With all the talk of one day launching a human mission to Mars, it still would take upwards of six months to reach the Red Planet.

But NASA researchers are working on new laser technology that could allow a craft to reach Mars in as little as three days. Known as photonic propulsion, the system would works by using lasers to propel a giant sail.  Rather than photons from the Sun’s rays, the system would get a boost from Earth-based lasers, according to ScienceAlert.

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“There are recent advances which take this from science fiction to science reality,” Philip Lubin, of the University of California Santa Barbara, said in a video about his NASA Innovative Advanced Concept (NIAC) for energy propulsion for interstellar exploration.

“There is no known reason why we can’t do this,” he continued. “There is a roadmap which you can look at in our paper to relativistic flight. The system is completely scalable modularly, built to any size you want from a tiny one to a gigantic one.”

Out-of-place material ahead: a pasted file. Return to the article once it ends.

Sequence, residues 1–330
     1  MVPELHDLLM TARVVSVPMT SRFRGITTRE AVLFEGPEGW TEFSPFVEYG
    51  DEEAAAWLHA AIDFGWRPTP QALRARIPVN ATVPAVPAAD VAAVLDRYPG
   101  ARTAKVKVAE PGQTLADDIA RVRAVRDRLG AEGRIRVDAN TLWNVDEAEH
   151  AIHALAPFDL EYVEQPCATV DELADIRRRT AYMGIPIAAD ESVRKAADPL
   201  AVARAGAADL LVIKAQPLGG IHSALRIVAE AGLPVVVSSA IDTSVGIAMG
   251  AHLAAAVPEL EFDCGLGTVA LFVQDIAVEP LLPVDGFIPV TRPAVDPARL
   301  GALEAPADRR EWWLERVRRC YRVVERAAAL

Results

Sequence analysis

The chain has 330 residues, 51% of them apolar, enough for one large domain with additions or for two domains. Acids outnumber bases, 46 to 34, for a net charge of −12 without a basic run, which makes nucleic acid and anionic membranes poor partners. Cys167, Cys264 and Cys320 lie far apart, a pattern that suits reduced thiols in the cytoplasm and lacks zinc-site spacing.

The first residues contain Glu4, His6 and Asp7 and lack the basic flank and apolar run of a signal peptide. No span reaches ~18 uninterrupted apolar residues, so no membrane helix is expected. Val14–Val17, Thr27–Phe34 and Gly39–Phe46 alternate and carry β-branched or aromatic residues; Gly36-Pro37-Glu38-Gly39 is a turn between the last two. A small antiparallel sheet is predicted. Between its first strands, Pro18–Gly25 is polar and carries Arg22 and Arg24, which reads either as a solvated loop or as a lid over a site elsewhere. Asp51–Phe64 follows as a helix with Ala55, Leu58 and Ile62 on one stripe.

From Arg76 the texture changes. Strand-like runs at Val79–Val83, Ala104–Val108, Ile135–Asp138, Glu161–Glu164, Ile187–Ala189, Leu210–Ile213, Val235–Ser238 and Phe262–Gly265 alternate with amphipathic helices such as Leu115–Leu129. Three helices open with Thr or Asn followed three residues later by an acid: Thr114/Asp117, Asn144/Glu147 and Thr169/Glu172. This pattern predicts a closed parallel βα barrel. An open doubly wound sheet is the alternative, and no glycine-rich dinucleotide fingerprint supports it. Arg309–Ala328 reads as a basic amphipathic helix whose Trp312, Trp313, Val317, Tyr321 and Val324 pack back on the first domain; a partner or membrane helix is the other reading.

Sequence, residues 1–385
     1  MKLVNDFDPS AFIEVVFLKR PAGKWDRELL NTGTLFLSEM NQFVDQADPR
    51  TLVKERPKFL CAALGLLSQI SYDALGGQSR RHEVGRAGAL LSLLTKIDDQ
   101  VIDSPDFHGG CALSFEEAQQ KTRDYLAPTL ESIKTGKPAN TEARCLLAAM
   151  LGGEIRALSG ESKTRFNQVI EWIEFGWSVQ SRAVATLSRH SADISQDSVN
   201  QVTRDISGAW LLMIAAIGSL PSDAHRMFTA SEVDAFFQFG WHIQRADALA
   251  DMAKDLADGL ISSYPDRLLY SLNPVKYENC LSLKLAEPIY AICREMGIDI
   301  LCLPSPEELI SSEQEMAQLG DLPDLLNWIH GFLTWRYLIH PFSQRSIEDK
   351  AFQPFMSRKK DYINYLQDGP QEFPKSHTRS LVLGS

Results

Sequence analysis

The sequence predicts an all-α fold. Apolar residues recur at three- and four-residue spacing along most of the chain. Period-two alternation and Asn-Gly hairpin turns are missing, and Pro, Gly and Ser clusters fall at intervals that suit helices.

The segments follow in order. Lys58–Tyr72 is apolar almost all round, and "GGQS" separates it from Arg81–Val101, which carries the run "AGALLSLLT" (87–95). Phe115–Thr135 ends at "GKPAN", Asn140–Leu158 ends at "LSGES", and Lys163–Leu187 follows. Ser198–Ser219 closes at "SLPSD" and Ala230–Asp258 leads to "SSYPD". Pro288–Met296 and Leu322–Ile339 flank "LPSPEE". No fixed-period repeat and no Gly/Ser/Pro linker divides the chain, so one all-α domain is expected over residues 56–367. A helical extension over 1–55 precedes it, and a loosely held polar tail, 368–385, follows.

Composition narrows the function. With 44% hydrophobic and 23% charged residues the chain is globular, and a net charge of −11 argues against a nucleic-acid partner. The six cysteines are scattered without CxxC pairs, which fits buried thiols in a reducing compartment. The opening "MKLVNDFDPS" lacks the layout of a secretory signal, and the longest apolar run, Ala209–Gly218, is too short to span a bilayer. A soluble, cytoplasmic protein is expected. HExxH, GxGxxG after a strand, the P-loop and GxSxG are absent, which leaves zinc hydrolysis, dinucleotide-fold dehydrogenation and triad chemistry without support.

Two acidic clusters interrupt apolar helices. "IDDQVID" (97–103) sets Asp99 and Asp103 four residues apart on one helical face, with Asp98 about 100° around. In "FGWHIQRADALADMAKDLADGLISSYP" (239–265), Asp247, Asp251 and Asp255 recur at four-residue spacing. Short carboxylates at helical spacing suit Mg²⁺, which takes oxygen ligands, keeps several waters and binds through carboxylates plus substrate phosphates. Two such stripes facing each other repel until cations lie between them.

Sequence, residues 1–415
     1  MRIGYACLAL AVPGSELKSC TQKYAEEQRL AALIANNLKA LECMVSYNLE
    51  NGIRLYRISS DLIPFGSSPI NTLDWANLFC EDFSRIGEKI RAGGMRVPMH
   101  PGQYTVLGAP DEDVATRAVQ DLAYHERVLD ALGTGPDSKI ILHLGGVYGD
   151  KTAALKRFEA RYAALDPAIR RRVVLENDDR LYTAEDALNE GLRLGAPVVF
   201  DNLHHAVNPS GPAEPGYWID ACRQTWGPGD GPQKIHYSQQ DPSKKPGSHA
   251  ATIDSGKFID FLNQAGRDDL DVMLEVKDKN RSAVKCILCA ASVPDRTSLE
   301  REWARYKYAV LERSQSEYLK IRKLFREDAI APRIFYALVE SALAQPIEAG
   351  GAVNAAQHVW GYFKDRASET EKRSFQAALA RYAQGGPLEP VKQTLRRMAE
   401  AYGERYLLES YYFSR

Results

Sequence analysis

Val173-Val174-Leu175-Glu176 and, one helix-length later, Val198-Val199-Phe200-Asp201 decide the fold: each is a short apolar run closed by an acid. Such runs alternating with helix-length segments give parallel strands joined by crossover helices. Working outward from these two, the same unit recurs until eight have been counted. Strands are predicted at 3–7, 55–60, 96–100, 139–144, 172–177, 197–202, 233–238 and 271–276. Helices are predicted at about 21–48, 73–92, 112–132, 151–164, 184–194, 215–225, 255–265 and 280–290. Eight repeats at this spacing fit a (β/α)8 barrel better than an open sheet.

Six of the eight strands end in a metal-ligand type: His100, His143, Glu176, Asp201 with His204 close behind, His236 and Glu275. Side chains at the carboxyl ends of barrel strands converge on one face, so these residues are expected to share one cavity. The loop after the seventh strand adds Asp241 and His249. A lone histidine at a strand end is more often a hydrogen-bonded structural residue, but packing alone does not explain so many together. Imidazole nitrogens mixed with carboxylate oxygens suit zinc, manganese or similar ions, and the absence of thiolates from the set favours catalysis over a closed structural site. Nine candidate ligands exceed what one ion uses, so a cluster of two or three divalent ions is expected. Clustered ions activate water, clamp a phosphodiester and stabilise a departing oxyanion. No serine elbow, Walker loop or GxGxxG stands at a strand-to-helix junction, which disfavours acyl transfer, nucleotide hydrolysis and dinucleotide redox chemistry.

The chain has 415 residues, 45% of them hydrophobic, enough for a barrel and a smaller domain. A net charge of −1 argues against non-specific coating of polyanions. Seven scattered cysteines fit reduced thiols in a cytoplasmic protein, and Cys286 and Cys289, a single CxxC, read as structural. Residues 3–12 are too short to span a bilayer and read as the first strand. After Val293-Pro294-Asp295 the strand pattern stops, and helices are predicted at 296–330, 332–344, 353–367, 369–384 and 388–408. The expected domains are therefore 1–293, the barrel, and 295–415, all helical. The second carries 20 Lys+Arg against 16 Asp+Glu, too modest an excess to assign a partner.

In his paper, Lubin acknowledges the technology wouldn’t immediately be used for a Mars mission. Instead, he suggests the system would work on a wafer-thin spacecraft that would be equipped with “integrated optical communications, optical systems and sensors combined with directed energy propulsion.”

 “We have to radically rethink our strategy or give up our dreams of reaching the stars, or wait for technology that does not exist,” Lubin wrote in a paper about the technology. “While we all dream of human spaceflight to the stars in a way romanticized in books and movies, it is not within our power to do so, nor it is clear that this is the path we should choose.”

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Lubin and his team have received a proof of concept grant from NASA to demonstrate the system could work and he is already dreaming of one day sending these probes to the furthest reaches of the solar system.

“We could propel a 100 kilogram robotic craft to Mars in a few days. If you want to push something like shuttle class, it takes you roughly in order of month to get there,” he said. “Within 25 year light of Earth, there are actually quite a few potential exoplanets and habitable things to visit - that may be habitable. We don’t know of course. There are many targets to choose from. The closest is Alpha Centauri, which is about four light years away.”